The First Amendment protects most forms of speech in Pennsylvania from government censorship or punishment. The right to publicly state one’s opinion without fear of criminal charges is widely seen as a necessary cornerstone of a democratic society. However, statutes and case law over the more than 200 years since the Bill of Rights was ratified have established some exceptions to this right.
For example, most readers have likely heard the famous example that the First Amendment does not allow people to shout “Fire!” in a crowded theater. The principle behind this sort of exception is that peoples’ right to be safe from harm — for instance, in a panicked stampede in a theater — outweighs the right to utter the words that caused that injury.
That, however, does not seem to be the impetus behind the prosecution of an 18-year-old man who falsely yelled “bingo” at a bingo hall in February. He was charged with disorderly conduct after the incident, which caused consternation among the real players, according to the police officer who issued the citation.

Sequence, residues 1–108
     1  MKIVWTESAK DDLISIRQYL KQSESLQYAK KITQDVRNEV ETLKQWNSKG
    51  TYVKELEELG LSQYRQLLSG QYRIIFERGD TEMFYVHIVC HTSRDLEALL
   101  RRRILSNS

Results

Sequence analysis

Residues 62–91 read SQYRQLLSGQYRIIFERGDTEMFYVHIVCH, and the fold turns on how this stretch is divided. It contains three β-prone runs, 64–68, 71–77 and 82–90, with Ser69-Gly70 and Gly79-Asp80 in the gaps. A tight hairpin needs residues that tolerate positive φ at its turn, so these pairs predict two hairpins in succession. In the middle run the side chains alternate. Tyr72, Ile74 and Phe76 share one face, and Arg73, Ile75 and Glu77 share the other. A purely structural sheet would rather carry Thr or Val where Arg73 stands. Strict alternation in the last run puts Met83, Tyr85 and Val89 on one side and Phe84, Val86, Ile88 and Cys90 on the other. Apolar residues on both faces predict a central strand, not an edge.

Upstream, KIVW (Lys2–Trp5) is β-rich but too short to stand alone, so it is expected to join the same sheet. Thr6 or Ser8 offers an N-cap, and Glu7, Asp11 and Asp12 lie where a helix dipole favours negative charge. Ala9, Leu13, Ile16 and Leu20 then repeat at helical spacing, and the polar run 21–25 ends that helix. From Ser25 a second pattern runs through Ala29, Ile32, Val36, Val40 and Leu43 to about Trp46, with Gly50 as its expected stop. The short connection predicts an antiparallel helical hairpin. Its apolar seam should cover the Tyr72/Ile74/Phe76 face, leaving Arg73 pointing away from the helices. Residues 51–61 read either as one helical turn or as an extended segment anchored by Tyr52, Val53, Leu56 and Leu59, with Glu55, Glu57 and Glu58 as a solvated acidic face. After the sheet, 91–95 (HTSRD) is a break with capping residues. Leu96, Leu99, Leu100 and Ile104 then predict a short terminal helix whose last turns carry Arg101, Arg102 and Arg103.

The officer was working as a security guard at the bingo hall. The defendant and his friends entered the hall and the defendant called out “bingo.” After a few moments of confusion, the players “started hooting and hollering and yelling and cussing” in the officer’s words. “People take their bingo very seriously.” The officer also claimed that the defendant did not show the proper remorse for his stunt.
Perhaps recognizing that, despite the prosecution’s aggressive pursuit of criminal charges, little real harm was done, the judge sentenced the defendant to six months of not saying the word “bingo.” If he does not have any other legal run-ins that time, the charge will be dismissed. The man could have faced up to 90 days in jail and a $250 fine on disorderly conduct charge.
Source: Cincinnati.com, “Bogus ‘bingo’ earns no jail time,” Cindy Schroeder, March 19, 2013